Play for Brazil or Spain?

…Diego da Silva Costa is waiting for a call that could make him a World Cup-winning striker.



He has two options for which national team he might represent next year during soccer’s showcase event. One is Brazil, where he was born. The other is Spain, where he plays professionally and where he was recently granted citizenship.

That is some option. Brazil has home-field advantage at the 2014 World Cup finals, and it must be considered a favorite to win the tournament.

But Spain is the reigning champion and has young playmakers itching to help defend the trophy.

Put it this way, he is 24, almost middle-aged in sporting terms. Until seven months ago he was nobody’s must-have center forward. He bristled, he brooded, he played between the lines of chief striker and midfield, always in the service of Radamel Falcao, the No. 1 goal scorer for Atlético Madrid.

But when Atlético sold Falcao for €60 million, or $81 million, to Monaco, it was Costa’s cue to be the main man. He was ready, and many people knew it.

The red and whites of Madrid have long been prescient in finding and then cashing in on strikers. Raúl was born to that half of the city until a previous Atlético president abandoned the youth academy and let Raúl go to Real Madrid.

Fernando Torres blossomed there, was sold to Liverpool and is now a Chelsea player. Sergio Agüero, the utterly brilliant Manchester City forward, was once in harness with Diego Forlán but, again, both had their price, and Atlético had others in the wings.

Costa is now under the tutelage of Diego Simeone, the abrasive and cunning Argentine who became Atlético’s coach two years ago and has transformed the team. It is now, unquestionably, the third force in Spanish soccer.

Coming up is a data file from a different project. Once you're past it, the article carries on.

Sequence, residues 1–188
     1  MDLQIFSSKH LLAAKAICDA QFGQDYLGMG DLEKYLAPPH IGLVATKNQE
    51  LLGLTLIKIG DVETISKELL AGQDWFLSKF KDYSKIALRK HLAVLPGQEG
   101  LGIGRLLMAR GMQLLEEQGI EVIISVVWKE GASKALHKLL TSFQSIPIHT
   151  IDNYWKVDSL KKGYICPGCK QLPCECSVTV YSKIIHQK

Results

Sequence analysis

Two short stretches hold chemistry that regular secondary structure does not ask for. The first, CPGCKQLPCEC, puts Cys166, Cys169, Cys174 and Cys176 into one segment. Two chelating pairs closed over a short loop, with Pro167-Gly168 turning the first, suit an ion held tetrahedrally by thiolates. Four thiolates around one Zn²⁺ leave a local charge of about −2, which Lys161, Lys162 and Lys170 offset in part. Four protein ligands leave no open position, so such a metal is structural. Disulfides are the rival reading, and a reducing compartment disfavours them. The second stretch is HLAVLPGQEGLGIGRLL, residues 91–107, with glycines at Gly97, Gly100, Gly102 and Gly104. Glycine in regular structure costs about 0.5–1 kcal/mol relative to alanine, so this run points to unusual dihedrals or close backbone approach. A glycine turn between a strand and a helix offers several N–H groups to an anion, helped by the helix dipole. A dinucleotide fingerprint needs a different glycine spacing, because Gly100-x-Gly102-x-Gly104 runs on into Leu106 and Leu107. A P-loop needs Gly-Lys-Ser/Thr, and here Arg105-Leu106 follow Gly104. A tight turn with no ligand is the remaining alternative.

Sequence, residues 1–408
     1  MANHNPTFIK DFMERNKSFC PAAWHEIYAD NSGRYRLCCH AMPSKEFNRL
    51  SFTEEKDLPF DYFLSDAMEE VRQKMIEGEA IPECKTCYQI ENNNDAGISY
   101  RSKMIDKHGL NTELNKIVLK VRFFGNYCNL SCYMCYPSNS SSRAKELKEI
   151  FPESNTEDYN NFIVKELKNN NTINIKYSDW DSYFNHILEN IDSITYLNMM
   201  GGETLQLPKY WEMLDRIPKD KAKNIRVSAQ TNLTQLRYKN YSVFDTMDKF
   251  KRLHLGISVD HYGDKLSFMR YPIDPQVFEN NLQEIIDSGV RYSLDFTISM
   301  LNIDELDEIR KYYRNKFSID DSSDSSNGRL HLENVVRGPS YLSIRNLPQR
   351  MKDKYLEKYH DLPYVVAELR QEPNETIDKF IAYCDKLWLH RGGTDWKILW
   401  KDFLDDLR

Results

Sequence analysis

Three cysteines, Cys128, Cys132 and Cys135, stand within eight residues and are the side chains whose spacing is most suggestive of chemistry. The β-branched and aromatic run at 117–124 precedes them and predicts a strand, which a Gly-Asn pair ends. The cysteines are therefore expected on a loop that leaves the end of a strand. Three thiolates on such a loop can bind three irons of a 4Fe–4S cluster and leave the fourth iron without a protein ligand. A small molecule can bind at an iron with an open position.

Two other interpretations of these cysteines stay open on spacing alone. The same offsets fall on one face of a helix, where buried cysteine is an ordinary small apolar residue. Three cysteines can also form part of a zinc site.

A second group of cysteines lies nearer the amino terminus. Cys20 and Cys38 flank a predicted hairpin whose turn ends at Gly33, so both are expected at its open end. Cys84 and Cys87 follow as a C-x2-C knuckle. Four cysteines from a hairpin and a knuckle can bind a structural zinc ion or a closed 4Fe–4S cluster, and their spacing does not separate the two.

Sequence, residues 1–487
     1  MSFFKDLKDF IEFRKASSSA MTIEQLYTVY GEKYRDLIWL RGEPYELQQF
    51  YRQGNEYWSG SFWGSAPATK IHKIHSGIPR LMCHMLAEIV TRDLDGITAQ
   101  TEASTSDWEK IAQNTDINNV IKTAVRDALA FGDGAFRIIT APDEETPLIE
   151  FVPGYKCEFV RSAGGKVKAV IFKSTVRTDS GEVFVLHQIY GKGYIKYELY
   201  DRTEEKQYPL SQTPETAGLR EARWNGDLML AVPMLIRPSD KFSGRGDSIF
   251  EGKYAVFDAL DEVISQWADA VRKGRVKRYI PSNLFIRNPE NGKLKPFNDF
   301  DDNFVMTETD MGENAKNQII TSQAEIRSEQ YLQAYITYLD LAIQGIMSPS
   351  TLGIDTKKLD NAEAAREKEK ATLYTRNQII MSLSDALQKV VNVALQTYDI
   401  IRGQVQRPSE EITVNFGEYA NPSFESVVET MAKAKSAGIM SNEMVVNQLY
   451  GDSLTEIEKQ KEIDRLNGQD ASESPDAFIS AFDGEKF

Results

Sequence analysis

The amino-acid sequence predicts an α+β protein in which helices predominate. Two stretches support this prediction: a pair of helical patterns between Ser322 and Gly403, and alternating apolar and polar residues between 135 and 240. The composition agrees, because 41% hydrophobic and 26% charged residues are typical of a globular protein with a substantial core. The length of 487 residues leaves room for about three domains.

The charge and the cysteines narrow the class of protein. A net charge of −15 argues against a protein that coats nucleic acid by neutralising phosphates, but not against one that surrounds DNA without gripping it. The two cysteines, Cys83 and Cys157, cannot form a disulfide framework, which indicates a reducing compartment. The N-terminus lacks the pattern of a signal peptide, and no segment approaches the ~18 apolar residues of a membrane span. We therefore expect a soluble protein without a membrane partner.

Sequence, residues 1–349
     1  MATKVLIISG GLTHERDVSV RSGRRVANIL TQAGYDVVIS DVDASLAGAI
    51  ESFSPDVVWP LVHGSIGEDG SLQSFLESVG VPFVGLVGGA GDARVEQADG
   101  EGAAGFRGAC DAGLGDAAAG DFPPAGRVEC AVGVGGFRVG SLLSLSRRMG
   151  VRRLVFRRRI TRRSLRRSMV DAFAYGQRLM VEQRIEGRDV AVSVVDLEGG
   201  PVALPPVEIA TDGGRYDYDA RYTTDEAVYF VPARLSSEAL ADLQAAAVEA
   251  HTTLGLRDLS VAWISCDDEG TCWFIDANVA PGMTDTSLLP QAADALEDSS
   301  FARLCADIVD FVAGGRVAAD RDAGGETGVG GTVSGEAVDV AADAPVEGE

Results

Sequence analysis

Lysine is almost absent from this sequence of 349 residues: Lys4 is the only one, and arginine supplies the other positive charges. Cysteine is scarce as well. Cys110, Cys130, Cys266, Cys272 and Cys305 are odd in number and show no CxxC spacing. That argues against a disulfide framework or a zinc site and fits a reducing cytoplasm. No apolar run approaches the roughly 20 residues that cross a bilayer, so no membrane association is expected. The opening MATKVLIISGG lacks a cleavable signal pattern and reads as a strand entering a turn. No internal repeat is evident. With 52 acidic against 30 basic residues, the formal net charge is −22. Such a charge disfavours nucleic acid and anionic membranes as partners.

The club finds, uses and then sells players, particularly strikers, as few others do. Yet by getting inside his players, by cajoling, bullying and persuading them, Simeone meshes them to become winners. The essence of it is that they run until the opponents drop, but in this day and age, there will always be questions about how one side can outrun and outlast another when both clubs field top professionals.

Twice now, Atlético has beaten Real Madrid in Real’s Bernabéu stronghold, in the King’s Cup final last May and a Liga game last Saturday, when Costa scored the winner. He didn’t simply score, with a fine run onto a pass from the young Spaniard Koke, Costa engaged in 90 minutes Saturday of surly, sly aggressiveness with Real’s two most brutish defenders, Sergio Ramos and Pepe.

Very few mix it with that pair and emerge victorious. Costa, the truly ugly-beautiful Brazilian, did it with a smile on his face, with eye-poking, rib-punching relish.

Right now, Del Bosque is waiting for FIFA to reply to Spain’s request to be allowed to field Costa in this month’s two World Cup qualifiers, against Belarus and Georgia. Scolari, who selected Costa for two friendly games against Italy and Russia last March, has since preferred Fred, Jô, Pato or Damião.

But when Scolari heard that Spain was moving in on his discarded player, the Brazilian scoffed that FIFA was moving back to the days when Alfredo Di Stéfano converted from Argentina to Spain, and when Ferenc Puskas played for both Hungary and Spain.

“In a year or two,” Scolari jibed, “a country will probably contract 20 players and make a national team. They can play 5, 10, a hundred friendlies, and in the 101st play an official game and FIFA will recognize it.”

“If Del Bosque calls me up, how could I say no?” Costa responded when the Brazilian publication Lance! asked whether he might wear the red of Spain rather than the yellow of Brazil.

“Nobody has yet contacted me,” he said in a television interview in Spain last weekend. “But I won’t say no to whoever calls me up first.”

Source: NY Times

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